I am associate professor of Political Science at the University of Notre Dame, with a Ph.D. from the from University of California Berkeley. I am also concurrent faculty at the Keough School for Global Affairs. Before joining Notre Dame’s faculty, I was a post-doc at the University of Chicago. My research examines Russia’s post-Soviet political and economic transformation and engages with questions how we study market creation in this context and beyond.
My projects have been supported through research funding from Notre Dame and various external funding sources, including the Swiss National Science Foundation, the European Commission/Marie-Curie Actions, the Swedish Collegium for Advanced Studies and the Neubauer Collegium for Culture and Society. During the 2018/2019 Academic Year I was a EURIAS Fellow at the Swedish Collegium for Advanced Studies. I am now working on a a project on post-Soviet rural recoveries funded by the Östersjöstiftelsen.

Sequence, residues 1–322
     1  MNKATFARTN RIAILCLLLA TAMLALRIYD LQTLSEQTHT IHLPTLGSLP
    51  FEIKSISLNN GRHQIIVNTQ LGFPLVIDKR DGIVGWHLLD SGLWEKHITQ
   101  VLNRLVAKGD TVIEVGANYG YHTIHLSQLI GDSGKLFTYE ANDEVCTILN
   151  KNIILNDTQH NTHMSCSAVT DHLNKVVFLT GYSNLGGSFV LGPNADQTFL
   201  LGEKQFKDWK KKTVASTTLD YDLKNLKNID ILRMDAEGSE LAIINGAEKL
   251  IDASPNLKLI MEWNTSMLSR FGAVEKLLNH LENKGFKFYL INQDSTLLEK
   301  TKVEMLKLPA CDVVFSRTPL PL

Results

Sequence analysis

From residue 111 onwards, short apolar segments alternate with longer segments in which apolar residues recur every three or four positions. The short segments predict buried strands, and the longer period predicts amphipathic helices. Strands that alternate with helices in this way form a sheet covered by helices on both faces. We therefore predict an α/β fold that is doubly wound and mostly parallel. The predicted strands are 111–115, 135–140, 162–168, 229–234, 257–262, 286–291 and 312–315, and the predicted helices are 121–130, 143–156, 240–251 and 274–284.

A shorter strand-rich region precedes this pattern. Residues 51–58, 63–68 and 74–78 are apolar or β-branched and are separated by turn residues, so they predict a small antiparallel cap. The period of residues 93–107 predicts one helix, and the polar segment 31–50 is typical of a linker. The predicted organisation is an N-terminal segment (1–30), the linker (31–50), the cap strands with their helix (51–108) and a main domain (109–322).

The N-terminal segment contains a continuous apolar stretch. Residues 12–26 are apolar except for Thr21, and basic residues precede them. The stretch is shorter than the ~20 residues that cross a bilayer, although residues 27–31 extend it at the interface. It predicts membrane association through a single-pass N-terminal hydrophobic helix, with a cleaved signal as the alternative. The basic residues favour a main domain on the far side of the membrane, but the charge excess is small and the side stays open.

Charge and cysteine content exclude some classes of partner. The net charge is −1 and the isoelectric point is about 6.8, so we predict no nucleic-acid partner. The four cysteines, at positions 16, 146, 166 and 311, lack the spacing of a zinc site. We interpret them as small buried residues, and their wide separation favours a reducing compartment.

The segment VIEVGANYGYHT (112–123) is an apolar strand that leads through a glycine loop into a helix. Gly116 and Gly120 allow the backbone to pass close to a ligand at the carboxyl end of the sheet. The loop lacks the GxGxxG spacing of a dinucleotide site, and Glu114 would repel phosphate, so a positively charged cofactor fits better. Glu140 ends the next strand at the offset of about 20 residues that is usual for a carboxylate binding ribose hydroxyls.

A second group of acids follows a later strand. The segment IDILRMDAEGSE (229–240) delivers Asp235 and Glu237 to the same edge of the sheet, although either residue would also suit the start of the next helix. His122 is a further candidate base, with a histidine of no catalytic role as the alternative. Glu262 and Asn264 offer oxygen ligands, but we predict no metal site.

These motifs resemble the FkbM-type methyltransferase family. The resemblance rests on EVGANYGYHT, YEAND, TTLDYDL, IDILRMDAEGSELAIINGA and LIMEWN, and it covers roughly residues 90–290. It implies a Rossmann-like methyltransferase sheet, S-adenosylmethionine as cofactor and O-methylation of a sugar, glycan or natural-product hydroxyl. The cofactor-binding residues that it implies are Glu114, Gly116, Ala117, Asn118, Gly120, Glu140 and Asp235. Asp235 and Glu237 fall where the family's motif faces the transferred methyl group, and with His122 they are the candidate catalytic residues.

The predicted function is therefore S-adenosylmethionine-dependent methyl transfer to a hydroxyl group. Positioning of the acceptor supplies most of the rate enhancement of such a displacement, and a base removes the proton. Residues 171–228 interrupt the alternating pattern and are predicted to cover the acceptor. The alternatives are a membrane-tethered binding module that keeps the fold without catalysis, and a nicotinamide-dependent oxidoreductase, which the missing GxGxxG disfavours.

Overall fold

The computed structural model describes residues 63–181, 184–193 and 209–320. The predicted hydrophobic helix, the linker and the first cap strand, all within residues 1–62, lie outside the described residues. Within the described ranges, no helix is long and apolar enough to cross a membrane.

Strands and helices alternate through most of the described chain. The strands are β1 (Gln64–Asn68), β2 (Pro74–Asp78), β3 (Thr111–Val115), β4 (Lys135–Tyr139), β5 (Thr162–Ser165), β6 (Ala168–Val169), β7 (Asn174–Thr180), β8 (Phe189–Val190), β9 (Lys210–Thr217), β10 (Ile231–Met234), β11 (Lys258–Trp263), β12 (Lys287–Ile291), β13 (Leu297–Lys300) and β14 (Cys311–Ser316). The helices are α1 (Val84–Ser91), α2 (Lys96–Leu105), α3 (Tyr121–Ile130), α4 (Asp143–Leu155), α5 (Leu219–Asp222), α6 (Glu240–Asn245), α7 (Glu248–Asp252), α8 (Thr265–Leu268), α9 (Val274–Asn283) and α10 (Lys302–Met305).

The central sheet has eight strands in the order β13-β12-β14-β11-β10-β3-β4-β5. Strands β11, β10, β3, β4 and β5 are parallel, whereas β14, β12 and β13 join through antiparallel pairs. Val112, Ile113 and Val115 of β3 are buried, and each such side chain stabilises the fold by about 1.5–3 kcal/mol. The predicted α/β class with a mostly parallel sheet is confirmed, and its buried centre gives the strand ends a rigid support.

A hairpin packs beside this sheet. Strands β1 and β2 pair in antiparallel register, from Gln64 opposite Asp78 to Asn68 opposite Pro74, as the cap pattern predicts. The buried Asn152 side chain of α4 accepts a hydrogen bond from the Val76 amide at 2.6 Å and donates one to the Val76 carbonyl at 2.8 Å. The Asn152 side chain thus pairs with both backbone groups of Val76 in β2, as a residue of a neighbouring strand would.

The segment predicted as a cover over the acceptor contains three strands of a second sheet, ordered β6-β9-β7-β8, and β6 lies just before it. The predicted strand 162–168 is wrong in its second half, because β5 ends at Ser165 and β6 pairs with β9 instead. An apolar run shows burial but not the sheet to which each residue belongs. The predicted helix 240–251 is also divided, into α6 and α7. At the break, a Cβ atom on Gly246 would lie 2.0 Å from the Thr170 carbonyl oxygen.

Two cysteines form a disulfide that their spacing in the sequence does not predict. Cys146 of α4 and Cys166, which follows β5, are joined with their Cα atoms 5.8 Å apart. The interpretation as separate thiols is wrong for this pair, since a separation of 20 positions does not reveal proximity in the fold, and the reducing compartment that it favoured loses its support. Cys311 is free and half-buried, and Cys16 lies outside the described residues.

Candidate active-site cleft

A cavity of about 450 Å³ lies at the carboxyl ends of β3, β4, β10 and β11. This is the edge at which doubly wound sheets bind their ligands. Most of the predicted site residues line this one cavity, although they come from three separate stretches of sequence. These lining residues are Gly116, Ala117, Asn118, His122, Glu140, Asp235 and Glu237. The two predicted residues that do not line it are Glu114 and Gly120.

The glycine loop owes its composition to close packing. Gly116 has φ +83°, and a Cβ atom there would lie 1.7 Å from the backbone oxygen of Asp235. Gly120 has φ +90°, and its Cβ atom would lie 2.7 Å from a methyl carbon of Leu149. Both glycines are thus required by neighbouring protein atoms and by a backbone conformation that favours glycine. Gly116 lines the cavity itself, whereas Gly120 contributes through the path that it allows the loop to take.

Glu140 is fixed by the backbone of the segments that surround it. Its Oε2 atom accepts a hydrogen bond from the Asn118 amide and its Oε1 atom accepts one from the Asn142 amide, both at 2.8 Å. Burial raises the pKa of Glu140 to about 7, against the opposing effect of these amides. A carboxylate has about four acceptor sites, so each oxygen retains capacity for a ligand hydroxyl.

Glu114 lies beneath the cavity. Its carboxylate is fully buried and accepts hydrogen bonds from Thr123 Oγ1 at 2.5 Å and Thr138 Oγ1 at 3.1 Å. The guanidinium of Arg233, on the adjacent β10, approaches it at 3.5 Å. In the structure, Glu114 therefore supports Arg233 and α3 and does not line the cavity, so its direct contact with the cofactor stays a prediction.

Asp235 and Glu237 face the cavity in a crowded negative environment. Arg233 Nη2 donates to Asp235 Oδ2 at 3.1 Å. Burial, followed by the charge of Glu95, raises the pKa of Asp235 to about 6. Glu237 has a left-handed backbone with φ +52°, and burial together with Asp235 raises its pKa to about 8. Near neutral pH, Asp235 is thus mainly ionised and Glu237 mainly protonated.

My first book Post-Soviet Power: State-led Development and Russia’s Marketization (2015, Cambridge University Press) examined the political economy of newly created electricity markets in Russia, suggesting that the Russian government is actively involved in shaping market institutions. The book was awarded honorable mention in the 2016 Ed. Hewett Book Prize for an outstanding monograph in political economy, by the Association for Study of Eastern Europe, Eurasian and Slavic Studies (ASEEES).
My second book, Black Earth, White Bread: a Technopolitical History of Russian Agriculture and Food (forthcoming fall 2021, University of Wisconsin Press) documents far-reaching changes on Russian farms, along with their effects on ordinary people and for successive political regimes in the 20th and 21st century.
Apart from electricity and agriculture, I have published on many other aspects of the post-Soviet transformations - on the effects of sanctions, on welfare reforms and on shifting themes in public discourse. My publications have appeared in Governance, Governance and Regulation, Economy and Society, Studies in Comparative International Development, Slavic Review, Europe-Asia Studies, Post-Soviet Affairs, Laboratorium, the Russian Analytical Digest and the Chicago Policy Review (see research page).